Made from fresh whole grains, real cultured buttermilk, and you don’t even need a grain grinder.
Why fresh grains?
Because you’ll become addicted, that’s why. When you buy whole grain flour at the store, particularly wheat flour, you’ll notice something — it’s bitter.
That’s oxidation at work. Once the grain is ground into flour, it immediately starts to oxidize.
Experts say it takes 6 months for whole wheat flour to go rancid.
A person who grinds it fresh will tell you it starts to “turn” in as little as a week.
That’s because real freshly ground flour isn’t bitter. It’s sweet.
What happened to eating less grains?
I still don’t eat very many grains, and when I do I still make sure they’re sprouted, soaked, or fermented. Pancakes are a rare indulgence. This is how we make them.
- 1 cup whole grain kernels (I’m using wheat kernels here, but you can use 1/2 rolled oats and 1/2 kamut for all the difference it will make to this recipe.)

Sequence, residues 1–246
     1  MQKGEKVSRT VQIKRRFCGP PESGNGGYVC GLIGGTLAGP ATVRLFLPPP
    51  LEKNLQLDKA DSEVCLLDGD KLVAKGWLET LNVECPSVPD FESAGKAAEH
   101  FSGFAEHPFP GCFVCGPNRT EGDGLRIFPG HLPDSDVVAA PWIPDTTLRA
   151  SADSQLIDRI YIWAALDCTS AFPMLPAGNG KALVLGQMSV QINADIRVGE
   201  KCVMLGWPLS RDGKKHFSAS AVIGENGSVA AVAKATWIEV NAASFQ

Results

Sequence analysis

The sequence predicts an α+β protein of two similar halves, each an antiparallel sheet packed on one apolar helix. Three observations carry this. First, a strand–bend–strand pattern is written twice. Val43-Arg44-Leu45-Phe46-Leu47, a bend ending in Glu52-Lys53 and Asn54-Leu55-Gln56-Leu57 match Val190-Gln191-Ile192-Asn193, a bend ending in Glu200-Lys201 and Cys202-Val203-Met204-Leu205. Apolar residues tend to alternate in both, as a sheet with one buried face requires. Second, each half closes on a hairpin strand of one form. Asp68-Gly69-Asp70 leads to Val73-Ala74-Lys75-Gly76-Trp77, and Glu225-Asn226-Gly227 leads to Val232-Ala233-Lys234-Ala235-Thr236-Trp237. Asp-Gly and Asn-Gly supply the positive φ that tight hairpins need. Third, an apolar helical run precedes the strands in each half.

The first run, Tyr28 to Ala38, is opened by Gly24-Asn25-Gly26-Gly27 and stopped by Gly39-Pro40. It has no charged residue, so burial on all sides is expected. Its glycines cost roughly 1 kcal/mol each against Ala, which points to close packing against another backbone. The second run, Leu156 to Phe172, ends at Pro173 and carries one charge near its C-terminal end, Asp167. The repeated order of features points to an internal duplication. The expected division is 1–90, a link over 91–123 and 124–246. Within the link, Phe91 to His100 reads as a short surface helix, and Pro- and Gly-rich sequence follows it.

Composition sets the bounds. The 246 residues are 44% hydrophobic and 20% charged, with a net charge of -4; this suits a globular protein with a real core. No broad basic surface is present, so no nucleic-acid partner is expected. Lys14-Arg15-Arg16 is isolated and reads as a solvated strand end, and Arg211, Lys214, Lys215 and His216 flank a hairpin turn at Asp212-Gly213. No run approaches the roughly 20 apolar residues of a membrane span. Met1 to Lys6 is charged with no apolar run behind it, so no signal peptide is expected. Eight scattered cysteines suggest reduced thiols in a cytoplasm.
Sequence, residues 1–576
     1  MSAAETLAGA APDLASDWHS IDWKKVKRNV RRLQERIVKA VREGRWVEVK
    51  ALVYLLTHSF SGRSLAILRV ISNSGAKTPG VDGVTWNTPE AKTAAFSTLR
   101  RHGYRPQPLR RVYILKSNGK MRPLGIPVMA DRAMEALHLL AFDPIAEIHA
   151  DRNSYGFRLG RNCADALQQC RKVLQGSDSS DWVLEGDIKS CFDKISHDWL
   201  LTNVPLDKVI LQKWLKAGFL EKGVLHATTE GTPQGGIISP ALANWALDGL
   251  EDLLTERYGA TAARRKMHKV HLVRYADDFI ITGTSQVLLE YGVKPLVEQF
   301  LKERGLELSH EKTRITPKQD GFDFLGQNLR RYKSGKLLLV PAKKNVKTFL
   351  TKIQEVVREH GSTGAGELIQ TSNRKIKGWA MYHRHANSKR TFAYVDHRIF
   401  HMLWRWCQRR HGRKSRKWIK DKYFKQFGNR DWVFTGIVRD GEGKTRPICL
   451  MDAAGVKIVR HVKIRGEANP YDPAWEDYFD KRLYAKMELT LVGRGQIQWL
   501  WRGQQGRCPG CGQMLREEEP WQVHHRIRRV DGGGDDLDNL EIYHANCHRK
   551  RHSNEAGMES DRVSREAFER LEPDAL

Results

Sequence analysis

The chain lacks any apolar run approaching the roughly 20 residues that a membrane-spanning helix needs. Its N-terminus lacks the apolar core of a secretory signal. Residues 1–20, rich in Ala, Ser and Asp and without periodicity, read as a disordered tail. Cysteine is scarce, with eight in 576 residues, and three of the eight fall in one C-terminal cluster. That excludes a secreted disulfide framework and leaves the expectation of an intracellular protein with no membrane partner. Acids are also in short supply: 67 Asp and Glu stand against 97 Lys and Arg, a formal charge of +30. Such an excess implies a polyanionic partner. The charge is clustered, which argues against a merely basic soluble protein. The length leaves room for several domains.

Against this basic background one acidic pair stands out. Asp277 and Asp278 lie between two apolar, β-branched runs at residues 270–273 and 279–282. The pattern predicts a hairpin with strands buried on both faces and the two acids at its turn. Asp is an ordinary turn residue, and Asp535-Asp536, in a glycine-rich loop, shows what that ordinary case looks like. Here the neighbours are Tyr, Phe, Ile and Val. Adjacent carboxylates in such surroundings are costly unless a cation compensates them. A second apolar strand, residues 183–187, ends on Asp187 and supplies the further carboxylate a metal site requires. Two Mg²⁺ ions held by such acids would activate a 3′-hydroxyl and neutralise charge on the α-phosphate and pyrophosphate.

- 1 cup cultured buttermilk
- 1 tsp vanilla
- 1 tsp olive oil (where to buy REAL olive oil)
- 1 egg
- 1 cup of milk (raw is best!)
- 1 tsp cinnamon
- 1 tsp salt
- 1 Tbsp. baking soda
The night before you want to eat pancakes for breakfast, put 1cup of whole grains and 1 cup of buttermilk into your blender.
Add the vanilla and oil, then start your blender! Blend for a good 3 minutes or so unless you’re blessed with an awesome, over-the-top, spectacular, show-stopping blender like the VitaMix that doubles as a grain grinder and ice cream maker because of it’s power and durability. If you’ve got one of those, you probably only need to blend this for a minute or so.
Now, let this concoction soak overnight.